I’m still relatively new to any board game which doesn’t involve having a top hat or a small yappy-type dog as a playing piece, but when I saw Machi Koro in my local branch of Travelling Man I knew it would make a great birthday present for my lady.
She really enjoys all things cute and kawaii, so I knew instantly with this cover that I was onto a winner – provided the game was fun to play. And we weren’t disappointed.
Since its unveiling on Sunday morning I’ve had a couple of two-player and four-player games, and found it to be just as fun either way; unlike Adventure Time Fluxx (another gift for the birthday girl) where the contrasts with the original version mean it’ll be more fun with more players, playing just one opponent works just fine here in Machi Koro.
Objectives and gameplay
Your job as the newly-elected mayor is to build your small town into a thriving city by completing construction on four major projects – the Landmarks. This is done by earning money from a roll of the dice and collecting the resulting funds from the Establishments you already have. Once you’ve earned enough money to pay for the four projects, you’re the winner.
You start off with two Establishment Cards and three coins; roll the dice, take the actions as described on the card(s) with the number you’ve rolled and then choose which new facility (if any) you’d like to build. As you amass more properties, you’ll become wealthier through the income your properties generate, and with certain cards are even able to tax your opponents – and be taxed yourself.
As you get to spend more on the bigger and better properties, you’ll find that certain Establishment Cards like the Shopping Mall can be very favourable, as they can potentially multiply your income each time you roll the right number.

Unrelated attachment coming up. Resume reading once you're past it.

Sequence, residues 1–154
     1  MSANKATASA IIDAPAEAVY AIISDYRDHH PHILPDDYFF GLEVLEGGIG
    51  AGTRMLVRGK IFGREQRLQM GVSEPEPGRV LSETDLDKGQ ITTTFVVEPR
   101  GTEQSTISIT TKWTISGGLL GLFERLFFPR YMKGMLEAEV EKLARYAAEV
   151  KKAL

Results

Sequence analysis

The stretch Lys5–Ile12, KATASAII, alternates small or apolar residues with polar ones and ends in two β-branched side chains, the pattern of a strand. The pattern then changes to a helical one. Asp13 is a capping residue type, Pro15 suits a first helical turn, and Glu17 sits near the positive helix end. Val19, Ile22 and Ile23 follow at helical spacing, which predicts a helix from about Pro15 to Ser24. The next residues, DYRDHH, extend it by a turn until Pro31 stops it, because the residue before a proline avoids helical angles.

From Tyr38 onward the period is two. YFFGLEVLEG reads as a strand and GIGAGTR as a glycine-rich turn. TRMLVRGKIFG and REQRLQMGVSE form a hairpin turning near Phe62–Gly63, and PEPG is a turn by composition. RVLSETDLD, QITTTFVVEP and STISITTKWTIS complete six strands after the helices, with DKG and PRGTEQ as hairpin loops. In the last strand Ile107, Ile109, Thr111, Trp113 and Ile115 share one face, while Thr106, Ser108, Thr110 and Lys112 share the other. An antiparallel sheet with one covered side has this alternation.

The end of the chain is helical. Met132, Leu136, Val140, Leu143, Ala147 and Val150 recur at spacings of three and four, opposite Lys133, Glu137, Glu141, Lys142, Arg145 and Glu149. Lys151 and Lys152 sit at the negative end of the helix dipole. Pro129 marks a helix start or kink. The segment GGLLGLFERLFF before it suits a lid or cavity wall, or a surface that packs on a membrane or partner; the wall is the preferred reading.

Game design and mechanics
Machi Koro is a beautiful-looking card game; everything from the box art to each individual card looks fantastic, and I personally felt a surge of pride each time I looked down at my growing town. The game system is very well designed too; for my relative newcomer status everything was easy enough to grasp, although it can get a bit confusing when there’s a lot of money changing hands at once.
Most appealing in terms of strategy is that as the game begins, everybody starts at the same level; it’s just a matter of working out the most financially viable system in determining how you spend your income from the bank, and of course hoping that the dice are always in your favour.
There was just one small issue with the game mechanics of Machi Koro. The Establishment cards are numbered 1-12 and you need to ‘unlock’ the second dice by building the Train Station before you can get any benefit from the cards numbered 7-12. However, I’ve found on every single playthrough so far that I haven’t needed to use that second dice – in fact, barely anybody bothered on any of the games we played last weekend. It’s no big deal though – I’ll just experiment a little more next time I guess, and see how it affects my winning record.
To sum up, I’d definitely recommend Machi Koro to anyone who wants a game that’s fun and quick; at only 30 minutes playing time, it may prove a bit too filthy casual for some, but for people who are just dipping their toe in like myself, it’s proved to be time very well spent in city-building mode.